The fact that monsteras are endemic to tropical rainforests means that they also require higher humidity levels. Aim for a humidity level of 60%. Although monsteras can survive humidity levels as low as 40%, the upper 60% humidity is optimum for their growth.
You can maintain your Monstera plant healthy and happy for many years by giving it the optimal growing conditions.
Where should my monstera plant be placed?
PRO HINT: Monsteras love to climb up vertical surfaces because they are climbing plants. Use pegs or moss sticks to direct your Monstera’s growth upward if you prefer it to grow tall rather than wide.
A tough and simple-to-care-for species of flowering plant native to southern Mexico and Panama called Monstera deliciosa is also known as the “Due to the distinctive growth of ridges and holes, or fenestrations, on its more mature leaves, the Swiss cheese plant is called that. The “The fruit that the plant produces in its native environment, which resembles a pineapple, gives the plant its deliciosa moniker.
A warm, humid environment with plenty of water and soft sunlight are preferred by monsteras. Put your Monstera in an area with indirect light that ranges from moderate to bright. Even though it can tolerate lower light levels, you can notice lanky growth as a result, so the optimum location is a few feet away from a window that faces the south, west, or east and provides brilliant indirect light.
We offer a guide on how to measure light in your environment if you are unclear of the lighting conditions in your house or place of business.
Only the most mature leaves of the Monstera typically develop the distinctive splits, and even so, only under optimal circumstances. Just wait if yours has plenty of light but no splits.
Can you grow Swiss cheese outside?
The ideal indoor temperature range for Monstera deliciosa is between 60 and 85 degrees. Although it will adapt well to dry indoor environments, it favors high humidity levels. You can sprinkle it sometimes to increase humidity if you truly want to take care of it, but it’s not absolutely necessary. When watering a Swiss cheese plant, make sure the water drains out the bottom of the pot. No plant enjoys wet feet! ), then hold off on watering again until the top few inches feel dry. Avoid overwatering this plant—this is a common mistake. Monstera deliciosa prefers a little bit of dryness in the soil. If you’d like, feed the plant with a balanced liquid fertilizer in the summer and then forgo feeding it in the winter while it’s dormant.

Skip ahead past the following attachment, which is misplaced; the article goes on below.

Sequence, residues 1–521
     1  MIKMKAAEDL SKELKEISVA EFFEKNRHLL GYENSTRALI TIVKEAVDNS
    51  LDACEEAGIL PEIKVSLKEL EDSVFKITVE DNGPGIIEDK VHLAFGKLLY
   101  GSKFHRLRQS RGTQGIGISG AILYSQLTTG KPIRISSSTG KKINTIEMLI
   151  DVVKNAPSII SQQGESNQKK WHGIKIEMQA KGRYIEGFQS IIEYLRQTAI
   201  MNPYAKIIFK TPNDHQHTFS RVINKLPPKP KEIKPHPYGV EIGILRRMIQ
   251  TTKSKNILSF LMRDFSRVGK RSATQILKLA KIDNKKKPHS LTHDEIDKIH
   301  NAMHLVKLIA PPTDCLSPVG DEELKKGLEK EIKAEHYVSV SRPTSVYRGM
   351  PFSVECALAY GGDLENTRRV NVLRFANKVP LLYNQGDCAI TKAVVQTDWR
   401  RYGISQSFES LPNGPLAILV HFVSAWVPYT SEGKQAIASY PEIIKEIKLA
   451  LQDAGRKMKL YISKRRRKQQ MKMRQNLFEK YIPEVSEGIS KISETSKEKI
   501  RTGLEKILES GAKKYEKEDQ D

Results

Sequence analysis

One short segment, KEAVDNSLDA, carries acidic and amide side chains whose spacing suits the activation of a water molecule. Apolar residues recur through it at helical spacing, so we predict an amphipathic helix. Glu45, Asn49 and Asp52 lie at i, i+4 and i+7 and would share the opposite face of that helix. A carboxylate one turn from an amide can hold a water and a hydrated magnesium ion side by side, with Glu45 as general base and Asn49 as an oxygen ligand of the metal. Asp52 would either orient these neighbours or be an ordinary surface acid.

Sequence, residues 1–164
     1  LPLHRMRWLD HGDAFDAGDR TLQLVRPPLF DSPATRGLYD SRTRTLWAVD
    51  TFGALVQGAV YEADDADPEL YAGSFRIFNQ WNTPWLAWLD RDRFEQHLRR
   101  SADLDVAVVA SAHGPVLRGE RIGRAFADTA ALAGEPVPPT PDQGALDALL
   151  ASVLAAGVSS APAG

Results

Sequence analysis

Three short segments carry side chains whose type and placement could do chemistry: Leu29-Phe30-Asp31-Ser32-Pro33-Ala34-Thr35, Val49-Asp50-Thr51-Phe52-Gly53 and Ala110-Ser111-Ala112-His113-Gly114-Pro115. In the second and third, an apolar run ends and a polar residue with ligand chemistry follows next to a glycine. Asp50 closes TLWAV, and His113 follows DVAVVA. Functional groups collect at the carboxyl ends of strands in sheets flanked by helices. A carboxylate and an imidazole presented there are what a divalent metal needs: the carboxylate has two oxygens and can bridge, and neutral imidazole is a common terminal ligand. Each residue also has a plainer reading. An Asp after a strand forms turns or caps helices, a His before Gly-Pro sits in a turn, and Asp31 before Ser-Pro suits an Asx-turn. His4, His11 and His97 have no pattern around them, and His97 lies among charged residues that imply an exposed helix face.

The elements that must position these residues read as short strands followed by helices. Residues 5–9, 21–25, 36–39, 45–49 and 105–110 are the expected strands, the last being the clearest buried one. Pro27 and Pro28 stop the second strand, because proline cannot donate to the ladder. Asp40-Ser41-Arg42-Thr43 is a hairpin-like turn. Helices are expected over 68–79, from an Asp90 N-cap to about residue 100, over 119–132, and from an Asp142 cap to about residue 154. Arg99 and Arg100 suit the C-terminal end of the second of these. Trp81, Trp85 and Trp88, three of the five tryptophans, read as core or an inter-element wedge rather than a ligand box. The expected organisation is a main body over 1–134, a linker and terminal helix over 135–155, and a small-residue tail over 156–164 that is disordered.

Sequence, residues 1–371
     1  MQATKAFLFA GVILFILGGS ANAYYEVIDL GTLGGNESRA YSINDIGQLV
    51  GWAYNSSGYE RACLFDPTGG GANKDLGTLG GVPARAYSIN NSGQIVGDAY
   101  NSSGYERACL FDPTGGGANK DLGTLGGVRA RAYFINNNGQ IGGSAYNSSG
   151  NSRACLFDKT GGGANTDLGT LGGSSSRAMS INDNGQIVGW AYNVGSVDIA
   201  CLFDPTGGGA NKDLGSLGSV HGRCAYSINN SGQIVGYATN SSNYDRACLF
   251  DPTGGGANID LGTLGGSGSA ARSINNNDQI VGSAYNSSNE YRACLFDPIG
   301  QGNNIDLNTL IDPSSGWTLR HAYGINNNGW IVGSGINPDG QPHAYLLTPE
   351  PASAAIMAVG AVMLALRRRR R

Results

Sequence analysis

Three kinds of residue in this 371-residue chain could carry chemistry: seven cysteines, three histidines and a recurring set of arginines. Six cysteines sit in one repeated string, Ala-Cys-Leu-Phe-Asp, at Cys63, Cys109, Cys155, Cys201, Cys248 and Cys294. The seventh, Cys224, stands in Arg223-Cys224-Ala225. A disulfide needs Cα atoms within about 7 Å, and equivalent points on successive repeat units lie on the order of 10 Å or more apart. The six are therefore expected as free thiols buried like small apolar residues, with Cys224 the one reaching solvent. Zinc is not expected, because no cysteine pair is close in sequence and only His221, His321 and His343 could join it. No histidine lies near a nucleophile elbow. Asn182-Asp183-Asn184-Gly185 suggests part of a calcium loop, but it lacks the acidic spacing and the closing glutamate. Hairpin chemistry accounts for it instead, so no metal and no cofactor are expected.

Monstera deliciosa can be brought outside during the summer or left outside in warm climates (it’s frequently planted as a landscaping plant in warm climates like Florida). Never place it in full sunshine; instead, place it in filtered shade to prevent the leaves from burning. Before the temperature drops into the 40s, bring it back inside.
Small plants can be supported by a pole covered in moss, which they will climb, as a stake. As the plants develop, the size of the leaves grows. If you don’t stake, your plant will grow more sprawling, which is also acceptable. Although the Swiss cheese plant rarely bears fruit indoors, it does so in the wild.
How frequently should I water my Monstera?
Monstera deliciosa and Monstera adansonii are the two varieties of Monstera that are grown as indoor plants. In addition to having entirely enclosed leaf holes, Monstera adansonii differs from M. deliciosa by having longer, tapering leaves. Leaf holes on Monstera deliciosa eventually mature, move toward the edge, and then open up.
Though they hardly ever flower or produce edible fruit inside, they are one of the few aroids that produce edible fruit, especially Monstera deliciosa, which is a member of the Araceae, the Aroid Family. Although the indigenous peoples of Central America had been familiar with monsteras for a very long time, the botanical community only became publicly aware of them in the early 20th century, like many aroids.
thrives in direct light that is bright to medium. Although it cannot tolerate strong, direct sunlight, it can become accustomed to it.
Water every one to two weeks, letting the soil dry out in between applications. In brighter light, water more frequently, and in less-bright light, less frequently. Pro tip: Water that has been filtered or set out overnight before use is beneficial for monsteras.
Although normal room humidity will do, humid circumstances are preferred. Use a fine-mist mister or humidifier to increase the humidity level in the room.
Most houseplants enjoy temperatures between 65F and 85F. (18C-30C). It’s ideal to keep the temperature above 60F. (15C).
Use a potting mix that drains effectively. As needed, include elements like perlite or lava rocks to improve soil aeration.
The Monstera is a calm and often pest-free plant. Treat pests as soon as they show up by wiping down the plant frequently and weekly applications of a natural insecticide like neem oil.
SYMPTOM: Edges of leaves that are turning brown and crunchy. CAUSE: Overwatered, thirsty, or high salt buildup